Lenders refer to individuals or institutions that provide loans. There are many different kinds of lenders. These include educational lenders and commercial lenders, hard money lenders and mutual organizations, as well as lenders of last resort.
The most common type, however, is the commercial lender, which can be a private financial group or a bank. There are thousands of banks, all of whom offer different kinds of loans. These can vary according to the interest rate, the duration of the loan or payment scheme, and the standards for credit.
Lending institutions will weigh the borrower’s credit risk and their own level of profitability. Very frequently, high-risk borrowers (those who have poor credit history, for example) will be charged heavier interest.
Sometimes the loans pass through a loan broker, a third party who fields the loan request to different commercial lenders. A particularly valuable client may then be in a position to negotiate with the lenders for better payment terms.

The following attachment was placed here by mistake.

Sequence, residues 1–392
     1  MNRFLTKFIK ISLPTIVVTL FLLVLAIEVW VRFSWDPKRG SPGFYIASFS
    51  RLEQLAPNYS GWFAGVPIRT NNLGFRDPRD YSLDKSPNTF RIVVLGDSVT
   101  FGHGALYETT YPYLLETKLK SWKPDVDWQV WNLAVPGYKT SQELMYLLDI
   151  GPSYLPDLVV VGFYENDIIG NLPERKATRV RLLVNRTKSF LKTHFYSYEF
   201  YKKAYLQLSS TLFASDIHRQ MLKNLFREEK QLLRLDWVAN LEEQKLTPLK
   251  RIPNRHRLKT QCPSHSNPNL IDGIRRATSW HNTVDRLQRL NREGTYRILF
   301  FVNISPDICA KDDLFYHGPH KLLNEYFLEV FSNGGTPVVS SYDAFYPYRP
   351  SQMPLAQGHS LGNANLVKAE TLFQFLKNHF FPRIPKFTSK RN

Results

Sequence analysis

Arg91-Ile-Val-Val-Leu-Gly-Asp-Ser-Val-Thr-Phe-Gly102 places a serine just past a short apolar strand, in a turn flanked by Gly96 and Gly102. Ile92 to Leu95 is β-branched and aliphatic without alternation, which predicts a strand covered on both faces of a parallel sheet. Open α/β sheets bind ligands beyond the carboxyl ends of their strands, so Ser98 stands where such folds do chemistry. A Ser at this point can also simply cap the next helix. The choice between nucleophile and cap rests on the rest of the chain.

Borrowers can also approach hard money lenders. Hard money lenders tend to take real estate as collateral. They are more flexible about payment terms and type of loans they will support, but they tend to have very high interest rates. Hard money lenders usually provide short-term loans.
Mutual organizations, on the other hand, collect money from members (like a financial cooperative). In exchange, members can borrow money, often at good rates and terms. This is because—unlike commercial lenders and hard money lenders—mutual organizations don’t have to make a profit on loans.
Lender of last resort, on the other hand, assist banking institutions during economic crises.